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Aug
30

U.S. appetite for Internet user data not unique

From: ComputerWorld (Australia)

Jaikumar Vijayan

For all the privacy concerns raised by Edward Snowden’s leaks about government data collection activities, the U.S. is not alone or even always the most demanding when it comes to law enforcement requests for customer data from Internet service providers.

A whitepaper released by Washington-based law firm Hogan Lovells this week shows that law enforcement agencies in several other countries in Europe and elsewhere have equally, if not even more, voracious appetites for such data.

The conclusions in the whitepaper are based on a review of all the transparency reports released by Google, Microsoft, Twitter, LinkedIn and Skype that detail all requests for customer data made by law enforcement agencies in the U.S. and elsewhere.

In the U.S, at least, requests for the data are typically made in connection with ongoing criminal and other investigations by law enforcement.

Transparency reports do not document national security-related requests for data by the National Security Agency and other U.S. intelligence agencies. Google has been releasing the data for the past three years, Twitter and LinkedIn have done so for the past 18 months while Skype and Microsoft have been at it for one year.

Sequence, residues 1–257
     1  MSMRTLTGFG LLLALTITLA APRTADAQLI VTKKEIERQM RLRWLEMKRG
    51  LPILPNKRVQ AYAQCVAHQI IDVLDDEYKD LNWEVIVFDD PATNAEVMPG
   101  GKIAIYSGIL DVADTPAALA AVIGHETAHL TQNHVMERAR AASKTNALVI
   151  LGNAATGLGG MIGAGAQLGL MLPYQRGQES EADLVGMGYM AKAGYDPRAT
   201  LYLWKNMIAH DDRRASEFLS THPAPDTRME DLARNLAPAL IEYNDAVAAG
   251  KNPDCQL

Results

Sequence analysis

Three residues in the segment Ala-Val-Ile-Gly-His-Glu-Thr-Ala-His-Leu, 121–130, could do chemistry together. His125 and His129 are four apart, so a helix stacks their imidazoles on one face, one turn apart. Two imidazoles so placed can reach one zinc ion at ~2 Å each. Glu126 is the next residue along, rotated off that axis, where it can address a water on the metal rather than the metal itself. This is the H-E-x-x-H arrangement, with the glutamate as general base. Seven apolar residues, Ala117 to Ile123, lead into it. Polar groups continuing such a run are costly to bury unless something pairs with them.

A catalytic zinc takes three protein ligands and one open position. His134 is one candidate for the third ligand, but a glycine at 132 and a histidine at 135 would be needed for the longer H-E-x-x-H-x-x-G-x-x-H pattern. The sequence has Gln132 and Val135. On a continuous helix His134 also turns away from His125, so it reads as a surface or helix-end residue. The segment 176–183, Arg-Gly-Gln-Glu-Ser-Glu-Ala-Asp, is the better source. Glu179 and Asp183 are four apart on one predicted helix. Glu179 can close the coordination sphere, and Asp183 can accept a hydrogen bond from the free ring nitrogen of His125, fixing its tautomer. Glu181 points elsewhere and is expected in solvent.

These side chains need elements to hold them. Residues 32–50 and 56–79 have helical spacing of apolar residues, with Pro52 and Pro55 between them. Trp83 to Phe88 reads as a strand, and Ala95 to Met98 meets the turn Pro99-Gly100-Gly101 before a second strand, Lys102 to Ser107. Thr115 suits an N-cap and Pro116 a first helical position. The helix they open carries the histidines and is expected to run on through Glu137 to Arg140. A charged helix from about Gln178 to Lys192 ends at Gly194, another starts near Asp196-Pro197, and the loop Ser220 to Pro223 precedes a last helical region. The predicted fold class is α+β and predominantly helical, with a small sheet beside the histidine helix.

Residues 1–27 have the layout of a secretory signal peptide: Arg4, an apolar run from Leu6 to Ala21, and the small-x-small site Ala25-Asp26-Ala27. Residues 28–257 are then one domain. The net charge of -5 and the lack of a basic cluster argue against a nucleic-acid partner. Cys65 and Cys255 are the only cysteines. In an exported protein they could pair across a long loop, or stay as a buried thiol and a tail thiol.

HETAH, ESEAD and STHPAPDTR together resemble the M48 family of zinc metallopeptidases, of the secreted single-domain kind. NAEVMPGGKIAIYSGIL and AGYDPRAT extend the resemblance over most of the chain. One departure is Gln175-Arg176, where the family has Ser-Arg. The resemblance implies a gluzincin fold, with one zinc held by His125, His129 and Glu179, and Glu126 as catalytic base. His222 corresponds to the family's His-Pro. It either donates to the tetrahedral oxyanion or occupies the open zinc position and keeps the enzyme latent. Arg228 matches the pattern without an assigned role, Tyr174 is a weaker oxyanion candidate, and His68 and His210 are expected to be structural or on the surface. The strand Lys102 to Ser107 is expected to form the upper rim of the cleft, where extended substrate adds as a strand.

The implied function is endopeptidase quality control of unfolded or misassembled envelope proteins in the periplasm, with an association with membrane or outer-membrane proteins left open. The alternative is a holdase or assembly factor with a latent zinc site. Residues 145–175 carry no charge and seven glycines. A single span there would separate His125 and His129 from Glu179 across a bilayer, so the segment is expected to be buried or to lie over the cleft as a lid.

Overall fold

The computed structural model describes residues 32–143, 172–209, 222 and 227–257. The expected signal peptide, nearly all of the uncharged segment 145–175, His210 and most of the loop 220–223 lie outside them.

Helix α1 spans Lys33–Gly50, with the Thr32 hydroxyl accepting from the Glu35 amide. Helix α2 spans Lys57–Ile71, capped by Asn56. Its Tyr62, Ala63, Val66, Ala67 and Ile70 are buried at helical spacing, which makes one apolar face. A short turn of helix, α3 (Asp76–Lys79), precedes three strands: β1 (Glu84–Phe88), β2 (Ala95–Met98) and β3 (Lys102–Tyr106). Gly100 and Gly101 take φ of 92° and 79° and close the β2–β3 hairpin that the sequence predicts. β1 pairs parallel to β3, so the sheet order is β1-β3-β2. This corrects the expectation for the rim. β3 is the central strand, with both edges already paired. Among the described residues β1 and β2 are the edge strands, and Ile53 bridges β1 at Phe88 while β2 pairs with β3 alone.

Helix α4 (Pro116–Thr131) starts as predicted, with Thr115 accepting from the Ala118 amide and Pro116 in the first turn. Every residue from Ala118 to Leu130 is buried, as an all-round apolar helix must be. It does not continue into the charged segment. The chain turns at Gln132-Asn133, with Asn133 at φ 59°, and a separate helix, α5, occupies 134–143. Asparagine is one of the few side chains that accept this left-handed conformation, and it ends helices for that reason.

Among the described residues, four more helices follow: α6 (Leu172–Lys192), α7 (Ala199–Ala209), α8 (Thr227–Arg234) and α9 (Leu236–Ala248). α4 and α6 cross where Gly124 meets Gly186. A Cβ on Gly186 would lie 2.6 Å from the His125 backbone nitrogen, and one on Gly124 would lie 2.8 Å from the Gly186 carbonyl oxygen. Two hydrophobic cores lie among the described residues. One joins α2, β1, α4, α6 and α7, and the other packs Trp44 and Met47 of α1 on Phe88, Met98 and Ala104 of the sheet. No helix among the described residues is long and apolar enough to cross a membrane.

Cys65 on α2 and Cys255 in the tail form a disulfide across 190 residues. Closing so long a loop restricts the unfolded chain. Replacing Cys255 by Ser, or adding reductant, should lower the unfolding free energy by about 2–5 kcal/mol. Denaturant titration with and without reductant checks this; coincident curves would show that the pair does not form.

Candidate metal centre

Christopher Wolf, author of the whitepaper and director of the privacy and information management practice at Hogan Lovells, said the data shows that, when adjusted for population size and numbers of Internet users, U.S. demands for customer data are not all that extraordinary.

In fact, in 2012, the rate at which European governments sought access to personal data from major service providers increased faster than the rate of U.S. government requests, Wolf noted.

“Many in Europe right now are under the impression that U.S. law enforcement and intelligence agencies have a greater appetite for data and access more data than anyone else in the world,” Wolf said. But with respect to law enforcement requests at least, the U.S. is at or below the levels in many other countries, he said.

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